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Alumni

Meet our alumni and explore their current careers, projects and research!

 

Vanessa Linares

PhD candidate at Tel Aviv University

Dissertation Title: Organic Residue Analysis of Small Closed Containers from The Late Bronze and Early Iron Ages: Tel Azekah, Tel Shadud, and Tel Megiddo as a Case Study.

The aim of this research is the application of organic residue analysis on the small closed containers from Tel Azekah, Tel Shadud, and Tel Megiddo during the Late Bronze and early Iron Ages. The goal is to better understand the cultural practices of the local inhabitants, and possible trade networks within the Levant.

Supervisors: Oded Lipschits, Yuval Gadot, and Ronny Neumann.

 

Amanda (Mandy) R. Morrow

PhD candidate at University of Wisconsin-Madison, Department of Classical and Ancient Near Eastern Studies

Dissertation Title: The Poetics of Violence in the Book of Jeremiah from the Perspective of Animal Imagery.

Mandy’s research focuses on the way images of lions, horses, and scavenging animals function as a poetic (or language) for violence–particularly warfare–in the book of Jeremiah. Her approach to the text is anthropological, archaeological, linguistic, and literary, in that she combines analysis of texts through cognitive semantics and metaphor theory with an analysis of ancient Near Eastern artwork and artifacts.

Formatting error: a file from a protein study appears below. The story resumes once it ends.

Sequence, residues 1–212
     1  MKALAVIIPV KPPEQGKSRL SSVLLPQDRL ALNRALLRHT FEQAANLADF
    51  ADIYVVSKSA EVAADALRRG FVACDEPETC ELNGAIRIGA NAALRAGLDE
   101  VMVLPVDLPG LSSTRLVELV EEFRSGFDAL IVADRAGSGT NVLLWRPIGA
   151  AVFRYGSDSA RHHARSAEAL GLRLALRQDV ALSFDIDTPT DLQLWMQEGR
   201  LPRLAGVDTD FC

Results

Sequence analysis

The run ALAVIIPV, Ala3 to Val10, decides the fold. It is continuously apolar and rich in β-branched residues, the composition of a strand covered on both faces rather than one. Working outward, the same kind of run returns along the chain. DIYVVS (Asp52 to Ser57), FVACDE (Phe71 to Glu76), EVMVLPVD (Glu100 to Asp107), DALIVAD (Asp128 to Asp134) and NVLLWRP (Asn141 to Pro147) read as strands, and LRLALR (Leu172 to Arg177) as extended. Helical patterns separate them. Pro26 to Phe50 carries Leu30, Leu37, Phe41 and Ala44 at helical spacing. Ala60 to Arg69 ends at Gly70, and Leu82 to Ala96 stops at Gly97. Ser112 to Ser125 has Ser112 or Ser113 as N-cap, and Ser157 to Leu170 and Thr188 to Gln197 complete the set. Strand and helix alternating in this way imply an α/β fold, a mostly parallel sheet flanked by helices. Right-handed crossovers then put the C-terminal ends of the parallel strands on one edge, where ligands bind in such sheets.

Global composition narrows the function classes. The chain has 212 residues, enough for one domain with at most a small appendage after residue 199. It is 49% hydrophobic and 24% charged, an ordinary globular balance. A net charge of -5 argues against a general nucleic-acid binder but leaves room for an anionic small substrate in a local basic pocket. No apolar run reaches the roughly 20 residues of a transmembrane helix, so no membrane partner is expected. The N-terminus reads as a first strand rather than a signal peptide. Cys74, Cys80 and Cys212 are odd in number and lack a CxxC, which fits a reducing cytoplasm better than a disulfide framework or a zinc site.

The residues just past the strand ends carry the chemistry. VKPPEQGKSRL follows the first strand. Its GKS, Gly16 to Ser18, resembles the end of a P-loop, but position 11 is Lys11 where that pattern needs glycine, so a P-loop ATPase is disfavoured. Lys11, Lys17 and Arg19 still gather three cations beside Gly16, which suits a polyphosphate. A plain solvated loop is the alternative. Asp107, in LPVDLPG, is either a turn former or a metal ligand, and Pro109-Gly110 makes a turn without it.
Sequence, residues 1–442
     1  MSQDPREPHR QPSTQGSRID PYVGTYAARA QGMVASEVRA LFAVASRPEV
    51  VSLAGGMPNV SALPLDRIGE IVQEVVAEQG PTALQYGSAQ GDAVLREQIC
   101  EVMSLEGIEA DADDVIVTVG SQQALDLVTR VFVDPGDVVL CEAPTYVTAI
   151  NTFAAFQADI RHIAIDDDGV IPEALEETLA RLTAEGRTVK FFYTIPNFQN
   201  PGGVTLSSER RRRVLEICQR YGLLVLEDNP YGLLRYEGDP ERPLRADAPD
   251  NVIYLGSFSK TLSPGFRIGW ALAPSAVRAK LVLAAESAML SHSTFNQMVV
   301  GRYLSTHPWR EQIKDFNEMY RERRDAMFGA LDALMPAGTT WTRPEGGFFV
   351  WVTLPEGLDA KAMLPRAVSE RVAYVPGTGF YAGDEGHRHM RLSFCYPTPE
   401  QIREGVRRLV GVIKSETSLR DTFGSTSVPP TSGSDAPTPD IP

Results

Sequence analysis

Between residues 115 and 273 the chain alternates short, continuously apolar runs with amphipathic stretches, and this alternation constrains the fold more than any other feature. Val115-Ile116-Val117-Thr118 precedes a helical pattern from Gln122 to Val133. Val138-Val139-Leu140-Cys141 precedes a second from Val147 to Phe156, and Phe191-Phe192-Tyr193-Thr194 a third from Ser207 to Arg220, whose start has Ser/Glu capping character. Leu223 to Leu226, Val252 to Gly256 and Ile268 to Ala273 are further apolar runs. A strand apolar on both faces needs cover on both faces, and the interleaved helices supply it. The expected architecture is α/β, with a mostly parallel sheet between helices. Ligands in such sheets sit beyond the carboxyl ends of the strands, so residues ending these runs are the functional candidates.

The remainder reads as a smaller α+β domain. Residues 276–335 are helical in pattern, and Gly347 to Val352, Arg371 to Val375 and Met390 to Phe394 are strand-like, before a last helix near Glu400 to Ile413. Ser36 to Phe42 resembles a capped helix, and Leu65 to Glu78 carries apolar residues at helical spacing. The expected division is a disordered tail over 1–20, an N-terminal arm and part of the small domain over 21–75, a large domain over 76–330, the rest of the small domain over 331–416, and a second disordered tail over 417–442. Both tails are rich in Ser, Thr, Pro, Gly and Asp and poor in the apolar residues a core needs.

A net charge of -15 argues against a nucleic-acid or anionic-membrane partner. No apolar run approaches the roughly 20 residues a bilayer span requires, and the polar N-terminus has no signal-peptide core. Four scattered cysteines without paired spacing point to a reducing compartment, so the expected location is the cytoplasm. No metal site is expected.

Supervisors: Jeremy Hutton.

 

Gennadiy Shoykhedbrod

Teacher and lecturer at Anne Arundel Community College, Maryland

Upon completing his MA with the International Program at Tel Aviv University, Gennadiy commenced his carrer as a field archaeologist for the Israeli Institute of Archaeology, followed by his current position as an adjunct faculty member for the Department of History and the Department of Anthropology at Anne Arundel Community College, in Maryland.

Gennadiy teaches courses of Ancient Western Civilizations and Introduction to Archaeology, which are directly linked to the academic education and the unique fieldwork experience he gained while studying at TAU.


Lyndelle Webster

PhD candidate at Tel Aviv University

Dissertation Title: Developing a Radiocarbon-Based Late Bronze Age Chronology for Southwest Israel, Using Tel Azekah as a Reference Site.